Crowds double in Oakland on the days he's scheduled to start. He's a phenomenon, a wonder. And here's what you know about him:
- The article linked above and maybe a couple others
That's it, give or take, unless you were lucky enough to see the A's when they came into town, assuming you live close to an AL town. Unless you were lucky enough to catch the A's on the Game of the Week, which you might have, considering they were a hot team coming off a successful year. But even if the A's got one of the 12 Games of the Week before the All-Star Game, the odds were against Blue starting that particular game.
You probably haven't seen him pitch. All you have are other people's words. They can actually write, mind you. They don't lean on modern crutches like GIFs and embeddable videos like the spoiled twits today. Still, they aren't enough. The words are the trailer of a movie you have to see, but can't, and it frustrates you.
Even the familiar players leave you with a sense of longing. You've watched Frank Howard on a dozen Games of the Week over the years, and you saw him in the '63 World Series, but have you ever gotten used to just how big he is?
You have not.
It's in this context that the All-Star Game is coming around, and like hell you're going to miss it. Blue's starting, you know. He's going against the controversial, also-electric Dock Ellis. It could be Willie Mays's last All-Star Game, you know. He's getting up there, but he's having a great first half, so who knows?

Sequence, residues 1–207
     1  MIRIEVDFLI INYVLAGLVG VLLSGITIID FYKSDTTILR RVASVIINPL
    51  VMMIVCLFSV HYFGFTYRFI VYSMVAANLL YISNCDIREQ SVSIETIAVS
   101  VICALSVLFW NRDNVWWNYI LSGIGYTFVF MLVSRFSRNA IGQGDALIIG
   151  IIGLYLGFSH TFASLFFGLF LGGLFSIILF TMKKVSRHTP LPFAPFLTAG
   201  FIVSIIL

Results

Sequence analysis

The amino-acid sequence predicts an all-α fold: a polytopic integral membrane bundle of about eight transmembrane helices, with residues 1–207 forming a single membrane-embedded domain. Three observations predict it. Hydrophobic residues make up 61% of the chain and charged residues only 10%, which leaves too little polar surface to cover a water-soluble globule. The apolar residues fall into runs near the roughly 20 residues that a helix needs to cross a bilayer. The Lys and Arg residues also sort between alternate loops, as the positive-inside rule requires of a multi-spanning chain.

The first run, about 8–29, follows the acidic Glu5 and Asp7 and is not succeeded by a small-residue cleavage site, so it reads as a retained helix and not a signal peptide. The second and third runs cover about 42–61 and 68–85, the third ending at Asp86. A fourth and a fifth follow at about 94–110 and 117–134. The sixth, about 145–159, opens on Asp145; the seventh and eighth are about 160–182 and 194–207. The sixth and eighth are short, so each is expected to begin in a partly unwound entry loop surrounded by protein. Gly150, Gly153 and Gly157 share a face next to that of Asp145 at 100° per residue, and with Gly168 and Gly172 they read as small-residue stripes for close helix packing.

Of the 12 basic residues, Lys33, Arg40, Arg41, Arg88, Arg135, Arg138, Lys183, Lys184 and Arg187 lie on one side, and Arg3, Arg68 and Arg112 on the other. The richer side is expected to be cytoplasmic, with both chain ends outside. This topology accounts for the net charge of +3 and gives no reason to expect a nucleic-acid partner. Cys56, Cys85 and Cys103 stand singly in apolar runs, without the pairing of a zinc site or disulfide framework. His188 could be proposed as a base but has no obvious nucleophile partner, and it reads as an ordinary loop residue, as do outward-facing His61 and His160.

Curt Gowdy reminds us of something after Mays grounds out to start the game:
This is the 20th All-Star Game for Hank Aaron, the first time he has seen Tiger Stadium or played in Detroit. The same for Willie Mays.
Detroit made a lot of baseball history in the '60s and early '70s, but it didn't have Willie Mays or Hank Aaron. The All-Star Game is the only way to see the greats in a different context then, to share them with the rest of baseball.
In the game, Reggie Jackson hits one of the most famous home runs in All-Star Game history. It's a sensational home run that clangs off a transformer above Tiger Stadium on its way completely out of the ballpark. You don't get to rewind it. But you'll talk about it at the water cooler, whether it's physical or metaphorical, for a long time. Now it's your words describing it. You don't take the job lightly.
Within all of this is the same regional and tribal affiliations that permeate the game today. You still care about your guys. You want to see them hit against Blue or Ellis, and you hope they represent your team well.